Paddle Height

Many paddles are adjustable in length, but it’s always best to make sure that the paddle you pick can fit your requirements. A general rule of thumb is that when you pick SUP paddles, you should opt for one that is around 8-12 inches taller than you are. However, if you’re into surfing, you might want to opt for a paddle that’s a little shorter than standard, while long-distance tourers often like paddles of a longer length. Finding an adjustable paddle, like the Hurley SUP Paddle, will help take the guesswork out of paddle height and allow you to try out different heights for different activities.

What Activities Get You Out on the Water?

The type of activities you enjoy will definitely determine the type of SUP paddles you will gravitate toward. For example, if you’re a long-distance tourer, you’re likely to be engaging in several thousand strokes each time you’re out on the water. This will require a lightweight paddle. However, if you’re just heading out on the water for some yoga on your SUP, you won’t need to paddle out very far, and a more budget-friendly option will suit you just fine!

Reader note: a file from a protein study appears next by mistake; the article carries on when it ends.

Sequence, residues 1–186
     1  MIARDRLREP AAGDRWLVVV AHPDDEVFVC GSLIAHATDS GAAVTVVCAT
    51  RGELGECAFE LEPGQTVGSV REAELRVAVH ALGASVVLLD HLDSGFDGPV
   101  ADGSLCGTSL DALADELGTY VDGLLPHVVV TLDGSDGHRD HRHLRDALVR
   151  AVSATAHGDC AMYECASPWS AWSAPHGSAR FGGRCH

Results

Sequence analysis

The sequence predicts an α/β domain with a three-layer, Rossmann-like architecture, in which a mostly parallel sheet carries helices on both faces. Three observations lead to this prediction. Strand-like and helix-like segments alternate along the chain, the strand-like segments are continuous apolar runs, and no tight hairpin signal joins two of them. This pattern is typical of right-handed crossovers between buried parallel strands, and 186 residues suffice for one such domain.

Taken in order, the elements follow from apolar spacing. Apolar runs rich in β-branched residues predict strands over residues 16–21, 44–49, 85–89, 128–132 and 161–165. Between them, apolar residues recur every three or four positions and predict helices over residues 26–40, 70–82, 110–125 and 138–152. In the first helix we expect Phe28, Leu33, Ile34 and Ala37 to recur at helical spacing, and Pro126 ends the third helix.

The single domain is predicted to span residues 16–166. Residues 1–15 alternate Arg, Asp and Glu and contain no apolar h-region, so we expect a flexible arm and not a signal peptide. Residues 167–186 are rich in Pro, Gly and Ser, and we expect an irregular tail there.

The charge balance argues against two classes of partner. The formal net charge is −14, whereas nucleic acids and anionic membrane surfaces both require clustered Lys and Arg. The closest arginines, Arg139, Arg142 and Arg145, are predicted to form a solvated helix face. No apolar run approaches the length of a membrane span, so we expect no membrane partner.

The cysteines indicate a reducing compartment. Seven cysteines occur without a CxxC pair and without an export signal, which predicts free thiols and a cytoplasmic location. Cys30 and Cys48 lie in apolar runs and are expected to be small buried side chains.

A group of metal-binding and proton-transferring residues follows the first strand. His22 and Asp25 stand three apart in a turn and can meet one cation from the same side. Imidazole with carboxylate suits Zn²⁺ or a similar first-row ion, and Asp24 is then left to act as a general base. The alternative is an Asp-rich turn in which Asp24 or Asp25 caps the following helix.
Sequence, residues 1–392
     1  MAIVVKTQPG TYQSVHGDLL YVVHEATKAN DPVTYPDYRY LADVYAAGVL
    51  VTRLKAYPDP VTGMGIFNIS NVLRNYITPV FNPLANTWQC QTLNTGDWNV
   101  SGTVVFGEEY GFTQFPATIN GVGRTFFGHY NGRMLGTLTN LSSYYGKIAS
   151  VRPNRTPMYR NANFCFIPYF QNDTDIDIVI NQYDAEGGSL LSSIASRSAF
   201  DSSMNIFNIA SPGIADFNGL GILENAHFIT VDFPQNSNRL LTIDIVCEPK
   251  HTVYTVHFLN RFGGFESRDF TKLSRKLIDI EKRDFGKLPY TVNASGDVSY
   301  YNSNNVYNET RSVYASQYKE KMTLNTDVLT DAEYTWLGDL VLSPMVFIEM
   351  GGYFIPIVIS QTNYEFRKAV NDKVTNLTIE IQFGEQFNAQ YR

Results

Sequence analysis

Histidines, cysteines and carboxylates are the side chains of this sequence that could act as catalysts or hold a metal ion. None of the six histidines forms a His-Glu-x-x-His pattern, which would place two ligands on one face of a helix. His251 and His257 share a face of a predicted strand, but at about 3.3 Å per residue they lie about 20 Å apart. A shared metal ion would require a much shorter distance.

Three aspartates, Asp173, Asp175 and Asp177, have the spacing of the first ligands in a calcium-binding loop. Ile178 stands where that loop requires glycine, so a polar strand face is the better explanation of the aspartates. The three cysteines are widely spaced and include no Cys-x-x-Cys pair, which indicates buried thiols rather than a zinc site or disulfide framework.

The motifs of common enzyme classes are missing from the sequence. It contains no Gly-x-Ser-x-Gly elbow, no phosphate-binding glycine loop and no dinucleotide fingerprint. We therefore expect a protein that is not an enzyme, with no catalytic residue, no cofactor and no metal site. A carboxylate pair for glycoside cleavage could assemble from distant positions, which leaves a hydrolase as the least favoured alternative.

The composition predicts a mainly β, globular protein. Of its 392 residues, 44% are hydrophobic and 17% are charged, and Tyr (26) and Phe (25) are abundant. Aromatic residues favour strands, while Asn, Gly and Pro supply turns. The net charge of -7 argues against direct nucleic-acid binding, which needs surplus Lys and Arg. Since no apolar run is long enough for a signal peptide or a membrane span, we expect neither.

How Long do You Paddle For?

Linked with the previous point, the typical duration of your boarding sessions will also affect what SUP paddles will be suitable for you. If you’re someone who enjoys brief forays out onto the water just to soak in some sun and fun with friends, budget SUP paddles are likely the way to go. However, if you often find yourself out on the water for long periods of time, it is definitely worth spending more and getting a lightweight paddle that will not fatigue your muscles as quickly. 

What Type of Water is Near You?

The type of water you paddle in also plays a huge part in what types of SUP paddles will help you excel. For example, if you’re paddling in rough, whitewater, you’ll want a paddle that’s sturdy enough to handle bumps and scrapes. In this case, fiberglass is your best bet since it is designed to be rigid and strong. Carbon fiber is the best option for deep ocean paddling since it is the most rigid and most efficient at giving you bang-for-buck with each stroke, which is a must – especially when paddling against strong ocean currents. An aluminum paddle is ideal for calm, placid lakes and streams where the conditions are not super challenging. 

A Stroke of Genius

Now that you know what types of paddles you can expect to find, as well as the parameters you’ll need to consider when picking one, you can maximize your fun out on the water! Remember to take things like your height, the paddle material, the width of the blade, the duration of activities you participate in, and the type of water you most commonly board in, when picking your paddle. With the right paddle, you’ll see a huge improvement in your SUP experience!